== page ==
|Category||Drama||Theatrical Trailer(s)||Yes, 1 - 1.33:1 non-16x9, Dolby Digital 2.0 mono|
|Year Released||1998||Commentary Tracks||Yes, 1 - David Mamet (Director & Screenwriter), Rebecca Pidgeon, Sir Nigel Hawthorne, Jeremy Northam|
|Running Time||100:11 minutes||Other Extras||Featurette - Behind The Scenes
Biographies - Cast & Crew
|Starring||Sir Nigel Hawthorne
|Pan & Scan/Full Frame||None||MPEG||None|
|Widescreen Aspect Ratio||1.78:1||Dolby Digital||Dolby Digital 2.0|
||Soundtrack Languages||English (Dolby Digital 2.0 ,
English Audio Commentary (Dolby Digital 2.0 mono, 192Kb/s)
|Theatrical Aspect Ratio||?||
German Audio Commentary
Dutch Audio Commentary
|Annoying Product Placement||No|
|Action In or After Credits||No|
Adapted from a play, this is a slow-paced film with little to reward an impatient audience. However, should your fancies tend towards a good story with genuine character development, not to mention superb acting from everyone involved, then you almost certainly will enjoy this movie.
The movie is presented in an aspect ratio of 1.78:1. It is 16x9 enhanced.
First off, there is a distinct lack of detail and sharpness in the image, not at all in keeping with expectations. Closely related to this is the high level of edge enhancement, which smears detail. The result of this is a fairly poor image with little definition, and at times it was dreadful. The contrast and brightness of the image is also off-the-mark, being too bright. At times, the white level saturates the image, with information lost during these times. Shadow detail is very good, but only because of the artificially high white level and low contrast.
The colour balance never seemed to be quite right, usually being undersaturated. This was especially apparent in flesh tones, although this is almost certainly the result of the incorrect white level, and was something I never really was comfortable with.
There were no MPEG artefacts to speak of, though
the transfer did have a very slight motion smear at times. I was quite
apprehensive at the very start of the movie due to the high amount of specks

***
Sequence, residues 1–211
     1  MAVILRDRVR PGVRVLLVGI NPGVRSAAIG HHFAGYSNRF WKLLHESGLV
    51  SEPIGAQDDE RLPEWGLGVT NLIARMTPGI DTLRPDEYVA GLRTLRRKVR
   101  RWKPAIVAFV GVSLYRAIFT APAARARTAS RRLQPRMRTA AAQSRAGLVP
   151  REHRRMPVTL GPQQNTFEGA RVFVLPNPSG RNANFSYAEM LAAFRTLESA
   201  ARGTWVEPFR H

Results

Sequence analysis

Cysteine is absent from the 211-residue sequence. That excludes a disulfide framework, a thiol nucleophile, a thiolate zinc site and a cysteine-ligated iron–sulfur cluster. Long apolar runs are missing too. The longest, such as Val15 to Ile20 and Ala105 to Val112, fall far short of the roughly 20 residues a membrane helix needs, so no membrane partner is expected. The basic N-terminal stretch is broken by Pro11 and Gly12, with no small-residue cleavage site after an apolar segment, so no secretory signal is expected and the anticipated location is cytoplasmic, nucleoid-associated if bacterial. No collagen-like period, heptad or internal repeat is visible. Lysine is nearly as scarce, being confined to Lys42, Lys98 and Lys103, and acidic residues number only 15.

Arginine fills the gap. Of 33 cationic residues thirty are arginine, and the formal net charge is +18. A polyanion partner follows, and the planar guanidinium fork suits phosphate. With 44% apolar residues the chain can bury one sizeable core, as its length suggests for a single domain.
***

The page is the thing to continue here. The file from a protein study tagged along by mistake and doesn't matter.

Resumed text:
and dirt, but these all but vanished for the remainder of the movie. There
were no film-to-video artefacts save for the slight motion blur, with no
trace of aliasing.
Dialogue was always clear and easy to understand, something no doubt helped by the perfectly correct enunciation of the English language from the actors. It was a joy to listen to words being fully and roundly spoken, not to mention the courteous manner which accompanies such refinement. We are simply a lazy lot these days, and I dread to think what state our language will be in down the track; poor, methinks.
The quaint musical score is subtle and never prominent. This is an entirely dialogue-driven move, and in fact the score is rarely noticed.
The sound mix is very centre-heavy, again since this
is a dialogue piece. There is the odd use of the surrounds, but by and
large it could be considered a mono movie.
|Surround Channel Use|
The video transfer is plain, and well below par.
The soundtrack is also quite plain, being purely functional.
Heralded quite wrongly as a Special Edition, this
disc has a trailer and a commentary. This disc would be better off as a
bargain bin special, and the asking price of $40 is ludicrous.
|DVD||Panasonic A360 (S-Video output)|
|Display||Rear-Projection Pioneer SD-T43W1 125cm Widescreen 16x9|
|Audio Decoder||d t s 5.1 & Dolby Digital 5.1 (DVD Player internal decoder)|
|Amplification||Sony STRDE-525 5x100 watts Dolby Pro-Logic / 5.1 Ready Receiver; 4 x Optimus 10-band Graphic EQ|
|Speakers||Centre: Sony SS-CN35 100 watt; Main & Surrounds: Pioneer CS-R390-K 150-watt floorstanders; Subwoofer: Optimus 100-watt passive|